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    β2 microglobulin also known as B2M is a component of MHC class I molecules, which are present on all nucleated cells (excludes red blood cells).[2][3] In humans, the β2 microglobulin protein[4] is encoded by the B2M gene.[3][5]

    In patients on long-term hemodialysis, it can aggregate into amyloid fibers that deposit in joint spaces, a disease known as dialysis-related amyloidosis.

    Mice models deficient for the β2 microglobulin gene have been engineered. These mice demonstrate that β2 microglobulin is necessary for cell surface expression of MHC class I and stability of the peptide binding groove. In fact, in the absence of β2 microglobulin, very limited amounts of MHC class I (classical and non-classical) molecules can be detected on the surface. In the absence of MHC class I, CD8 T cells cannot develop. (CD8 T cells are a subset of T cells involved in the development of acquired immunity.) Low levels of β2 microglobulin can indicate non-progression of HIV.

    Levels of beta-2 microglobulin can be elevated in multiple myeloma and lymphoma, though in these cases primary amyloidosis (amyloid light chain) and secondary amyloidosis (amyloid associated protein) are more common. The normal value of beta-2 microglobulin is <2 mg/L.[6]However, with respect to multiple myeloma, the levels of beta2-microglobulin may also be at the other end of the spectrum. Diagnostic testing for multiple myeloma includes obtaining the beta2-microglobulin level, for this level is an important prognostic indicator. A patient with a level <4 mg/L is expected to have a median survival of 43 months, while one with a level >4 mg/L has a median survival of only 12 months.[7] Beta-2 microglobulin levels cannot, however, distinguish between monoclonal gammopathy of uncertain significance (MGUS), which has a better prognosis, and smouldering (low grade) myeloma.[8][9]


    1.      Smith, K. J.; Reid, S. W.; Harlos, K.; McMichael, A. J.; Stuart, D. I.; Bell, J. I.; Jones, E. Y. (1996). "Bound water structure and polymorphic amino acids act together to allow the binding of different peptides to MHC class I HLA-B53". Immunity 4 (3): 215–228. doi:10.1016/S1074-7613(00)80430-6.PMID 8624812edit

    2.      "Entrez Gene: Beta-2-microglobulin".

    3.     b Güssow D, Rein R, Ginjaar I, Hochstenbach F, Seemann G, Kottman A, Ploegh HL (1 November 1987). "The human beta 2-microglobulin gene. Primary structure and definition of the transcriptional unit". J. Immunol. 139 (9): 3132–8. PMID 3312414.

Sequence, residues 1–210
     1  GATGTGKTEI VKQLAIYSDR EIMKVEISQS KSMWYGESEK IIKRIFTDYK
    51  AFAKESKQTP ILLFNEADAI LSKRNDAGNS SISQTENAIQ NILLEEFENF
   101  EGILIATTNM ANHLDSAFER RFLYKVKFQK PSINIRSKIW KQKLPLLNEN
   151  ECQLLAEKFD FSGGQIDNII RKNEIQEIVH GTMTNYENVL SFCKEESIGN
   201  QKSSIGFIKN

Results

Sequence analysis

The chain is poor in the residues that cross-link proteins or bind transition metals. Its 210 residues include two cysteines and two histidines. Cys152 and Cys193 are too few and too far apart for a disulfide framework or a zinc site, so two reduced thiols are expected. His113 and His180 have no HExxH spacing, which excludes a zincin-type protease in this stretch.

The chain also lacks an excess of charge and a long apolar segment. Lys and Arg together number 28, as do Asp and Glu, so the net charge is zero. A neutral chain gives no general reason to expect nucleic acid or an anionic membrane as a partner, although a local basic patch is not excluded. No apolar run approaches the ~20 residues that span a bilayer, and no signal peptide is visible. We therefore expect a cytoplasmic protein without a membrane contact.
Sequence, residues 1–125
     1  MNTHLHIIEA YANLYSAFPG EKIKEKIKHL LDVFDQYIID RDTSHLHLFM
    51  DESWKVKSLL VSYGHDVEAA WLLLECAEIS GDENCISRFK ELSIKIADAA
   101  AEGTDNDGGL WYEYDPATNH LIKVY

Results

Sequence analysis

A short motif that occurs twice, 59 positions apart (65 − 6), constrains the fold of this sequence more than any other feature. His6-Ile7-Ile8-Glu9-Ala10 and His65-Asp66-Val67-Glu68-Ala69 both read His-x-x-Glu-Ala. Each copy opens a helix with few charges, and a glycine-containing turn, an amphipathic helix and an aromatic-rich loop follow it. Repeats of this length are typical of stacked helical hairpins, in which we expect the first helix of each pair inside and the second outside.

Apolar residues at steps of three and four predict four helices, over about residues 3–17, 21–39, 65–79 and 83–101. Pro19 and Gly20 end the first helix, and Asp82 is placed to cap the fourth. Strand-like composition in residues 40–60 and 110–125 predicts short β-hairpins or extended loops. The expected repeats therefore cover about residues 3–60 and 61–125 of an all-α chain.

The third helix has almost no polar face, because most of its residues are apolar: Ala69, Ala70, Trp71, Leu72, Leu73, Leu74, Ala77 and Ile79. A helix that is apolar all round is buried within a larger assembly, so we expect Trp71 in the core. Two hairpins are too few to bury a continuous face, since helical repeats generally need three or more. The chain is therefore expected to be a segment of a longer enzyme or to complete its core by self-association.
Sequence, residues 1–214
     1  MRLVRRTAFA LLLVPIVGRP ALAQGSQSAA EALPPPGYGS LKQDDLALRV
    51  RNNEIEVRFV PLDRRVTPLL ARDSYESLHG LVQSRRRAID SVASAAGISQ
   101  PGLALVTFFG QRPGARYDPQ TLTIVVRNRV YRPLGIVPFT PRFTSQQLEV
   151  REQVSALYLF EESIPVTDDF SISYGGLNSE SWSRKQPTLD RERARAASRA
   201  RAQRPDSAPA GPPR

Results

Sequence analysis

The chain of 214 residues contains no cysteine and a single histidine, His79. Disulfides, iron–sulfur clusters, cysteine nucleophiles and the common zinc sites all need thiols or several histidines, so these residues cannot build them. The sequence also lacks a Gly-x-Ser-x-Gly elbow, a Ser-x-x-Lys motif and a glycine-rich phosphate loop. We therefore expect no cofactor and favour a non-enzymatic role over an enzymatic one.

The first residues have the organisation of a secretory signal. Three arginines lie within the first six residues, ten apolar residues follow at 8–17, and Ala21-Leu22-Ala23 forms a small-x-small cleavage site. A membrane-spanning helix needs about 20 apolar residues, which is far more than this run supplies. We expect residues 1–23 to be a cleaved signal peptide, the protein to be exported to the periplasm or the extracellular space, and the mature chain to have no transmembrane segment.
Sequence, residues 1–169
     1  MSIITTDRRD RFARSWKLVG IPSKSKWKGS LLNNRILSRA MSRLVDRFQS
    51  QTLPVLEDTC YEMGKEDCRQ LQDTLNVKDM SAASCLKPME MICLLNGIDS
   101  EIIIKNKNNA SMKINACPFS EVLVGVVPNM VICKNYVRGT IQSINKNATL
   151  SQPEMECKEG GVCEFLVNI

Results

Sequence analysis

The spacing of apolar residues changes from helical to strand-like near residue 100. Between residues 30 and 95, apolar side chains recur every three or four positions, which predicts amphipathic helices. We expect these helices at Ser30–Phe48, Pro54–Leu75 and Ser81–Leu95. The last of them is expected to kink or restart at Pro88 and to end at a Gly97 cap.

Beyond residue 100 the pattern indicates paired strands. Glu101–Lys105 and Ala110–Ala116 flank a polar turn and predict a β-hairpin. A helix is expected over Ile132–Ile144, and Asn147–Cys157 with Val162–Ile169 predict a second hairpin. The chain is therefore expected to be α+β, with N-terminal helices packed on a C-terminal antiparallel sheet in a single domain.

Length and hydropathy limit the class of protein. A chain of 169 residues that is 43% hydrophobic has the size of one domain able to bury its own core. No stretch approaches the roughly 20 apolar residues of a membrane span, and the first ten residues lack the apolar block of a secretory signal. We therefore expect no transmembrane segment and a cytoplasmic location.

4.      Cunningham BA, Wang JL, Berggård I, Peterson PA (November 1973). "The complete amino acid sequence of beta 2-microglobulin". Biochemistry 12 (24): 4811–22. doi:10.1021/bi00748a001PMID 4586824.

    5.      Suggs SV, Wallace RB, Hirose T, Kawashima EH, Itakura K (November 1981). "Use of synthetic oligonucleotides as hybridization probes: isolation of cloned cDNA sequences for human beta 2-microglobulin". Proc. Natl. Acad. Sci. U.S.A. 78 (11): 6613–7. doi:10.1073/pnas.78.11.6613PMC 349099.PMID 6171820.

    6.      Pignone M, Nicoll D; McPhee SJ (2004). Pocket guide to diagnostic tests (4th ed.). New York: McGraw-Hill. p. 191. ISBN 0-07-141184-4.

    7.      Munshi NC, Longo DL, Anderson KC (2011). "Chapter 111: Plasma Cell Disorders". In Loscalzo J, Longo DL, Fauci AS, Dennis LK, Hauser SL. Harrison's Principles of Internal Medicine (18th ed.). McGraw-Hill Professional. pp. 936–44. ISBN 0-07-174889-X.

    8.      Rajkumar S. V. "MGUS and Smoldering Multiple Myeloma: Update on Pathogenesis, Natural History, and Management." Hematology, American Society of Hematology Education Program. doi: 10.1182/asheducation-2005.1.340 (ASH Education Book January 1, 2005 vol. 2005 no. 1 340-345) Accessed 23 May 2014.

    9.      Bataille R. and Klein B. "Serum levels of beta-2 microglobulin and interleukin-6 to differentiate monoclonal gammopathy of uncertain significance."Blood 1992 80(9) p2433 Accessed 23 May 2014.